This past week GiveDirectly’s Michael Faye spoke at SXSW about our groundbreaking basic income experiment, and his talk was covered by Inc.‘s Kevin Ryan. Actor and director Mark Duplass ran an op-ed in The Huffington Post encouraging people to reach across political divides to collaborate in making the world a better place, specifically by donating directly to poor families via GiveDirectly.


1. How Will The Rise Of Crowdfunding Reshape How We Give To Charity?
Fast Company, Ben Paynter, March 13, 2017
In essence, all of these charitable crowdfunding platforms operate on the same basic principle: That the beneficiaries themselves know best much how they need and how to spend it. GiveDirectly, which uses mobile phones to transfer cash directly to people in extreme poverty, enlists its field team to help identify recipients before allotments are doled out. The process, along with strict accountability for how much they spend on it, has earned the group a top rating from GiveWell.

2. The 2.26.17 Issue
The New York Times Magazine, March 10, 2017
The beautiful thing about GiveDirectly’s approach to universal basic income is that it lets people devise their own path out of poverty. As similar projects have demonstrated, this simple concept creates effective and efficient outcomes. Why? Because individuals know their own lives and needs much more than a think tank from some paternalistic or politically motivated aid agency. We need to stop treating the world’s poor like children. People have the knowledge and drive to better themselves. Annette de Soto, Seattle .

3. You’re A Trump Supporter. I’m An Elitist Hollywood Liberal. But What Can We Do Together?
The Huffington Post, Mark Duplass, March 10, 2017
The first campaign is for because they are not only hyper-efficient but you can also track where your money goes and how it is helping. I’ll start with a $10,000 personal donation. I’m asking those interested to match me with $1 donations to bring that number up to $20,000. Google has promised to match that $20,000 for this campaign. We’ll raise $40,000 in a few days if we do this right.

4. Elon Musk Says the Government Will Have to Pay Citizens a Salary. This Company Is Testing That Theory
Inc., Kevin J. Ryan, March 10, 2017
One potential idea for counteracting a future that involves massive job losses is universal basic income, a government-provided monthly or yearly stipend given to each citizen. GiveDirectly, a non-profit company that gives donations directly to impoverished people in the form of cash, is currently running an experiment in Kenya that could provide answers as to just how feasible this is. “It’s been called radical and extreme,” said GiveDirectly co-founder Michael Faye at a South by Southwest panel on Friday, “but it’s a strikingly simple and obvious idea.”

5.  Stanford Panel: What do people do when they are given cash with no strings attached?
Basic Income News, Cordelia Holst, March 8, 2017
Last to present was Joe Huston, from GiveDirectly, a non-profit that gives unconditional cash transfers directly to the extremely poor people living in Kenya, Uganda and Rwanda. Over the last 5 plus years of operations GiveDirectly has transferred over 135 million dollars through their program. GiveDirectly’s most common model is giving 3 lump sums (total roughly $1000), transferred through mobile phones over a 5 month period, to the poorest people in each village. They have been building a body of evidence of the effects of cash transfers, over the last 5 years, over 65,000 households, and are able to speak to the question “What do people do when they are given cash with no strings attached?”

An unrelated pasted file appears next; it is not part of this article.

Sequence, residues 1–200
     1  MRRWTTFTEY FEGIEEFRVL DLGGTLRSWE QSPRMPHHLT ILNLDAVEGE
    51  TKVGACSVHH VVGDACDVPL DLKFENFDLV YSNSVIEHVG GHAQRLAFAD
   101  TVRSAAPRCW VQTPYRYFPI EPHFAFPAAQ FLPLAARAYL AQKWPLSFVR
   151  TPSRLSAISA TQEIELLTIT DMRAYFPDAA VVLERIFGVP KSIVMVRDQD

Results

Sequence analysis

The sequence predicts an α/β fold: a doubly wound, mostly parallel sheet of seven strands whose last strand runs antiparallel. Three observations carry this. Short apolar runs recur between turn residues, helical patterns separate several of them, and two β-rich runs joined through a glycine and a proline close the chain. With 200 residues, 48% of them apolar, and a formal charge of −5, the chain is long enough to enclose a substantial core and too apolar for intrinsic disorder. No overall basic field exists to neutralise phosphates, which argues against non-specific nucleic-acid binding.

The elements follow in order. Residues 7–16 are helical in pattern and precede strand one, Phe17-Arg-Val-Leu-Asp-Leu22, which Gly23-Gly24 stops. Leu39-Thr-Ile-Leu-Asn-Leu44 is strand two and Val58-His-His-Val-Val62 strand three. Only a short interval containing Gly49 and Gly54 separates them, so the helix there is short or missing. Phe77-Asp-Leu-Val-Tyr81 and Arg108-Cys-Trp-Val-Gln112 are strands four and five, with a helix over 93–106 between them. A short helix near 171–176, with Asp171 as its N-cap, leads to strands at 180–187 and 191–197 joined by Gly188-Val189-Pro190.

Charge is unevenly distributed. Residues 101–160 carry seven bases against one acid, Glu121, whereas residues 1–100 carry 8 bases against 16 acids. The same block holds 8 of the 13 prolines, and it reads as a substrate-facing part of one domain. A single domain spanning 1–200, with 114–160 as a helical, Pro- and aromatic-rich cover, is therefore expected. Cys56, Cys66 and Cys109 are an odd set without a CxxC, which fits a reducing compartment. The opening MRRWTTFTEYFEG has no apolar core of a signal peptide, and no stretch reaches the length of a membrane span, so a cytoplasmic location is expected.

6. A masterclass on cash transfers and how to use High Level Panels to influence Policy
From Poverty to Power, Oxfam blog, Duncan Green, March 10, 2017
Owen chaired a recent high level panel on humanitarian cash transfersand presented its work in his talk. The traditional aid response is ‘people are hungry due to drought, flood, conflict etc → there isn’t enough food → we need to ship in loads of food’. Both arrows are wrong: Amartya Senshowed that the problem in famine is not lack of food, but lack of purchasing power among the affected populations – in nearly all of Ethiopia’s famines, the country has produced enough food to feed its people. The second arrow is wrong because giving people cash is usually a much more effective response than shipping food over from the US or wherever: the food often arrives too late, just when local farmers are recovering, and a flood of free food promptly destroys local markets.


7. Donors look for charities with the greatest future impact[Gated]
The Financial Times, Andrew Jack, March 10, 2017
But some are sceptical of such high level number-crunching or recommendations without more detailed analysis, including Will MacAskill, an associate professor of philosophy at Oxford university, who helped found the Centre for Effective Altruism and Giving What We Can, a movement designed to encourage people to pledge 10 per cent of their income to “the most effective causes”.


8. Finland just launched a radical experiment in giving people free money — here’s how 5 residents are using their extra cash
Business Insider, Chris Weller, March 7, 2017
The program, put on by the country’s social security agency, Kela, is testing out a modified version of basic income. Under basic income, every citizen gets a regular allowance regardless of employment status, in an attempt to improve overall well-being and reduce poverty.

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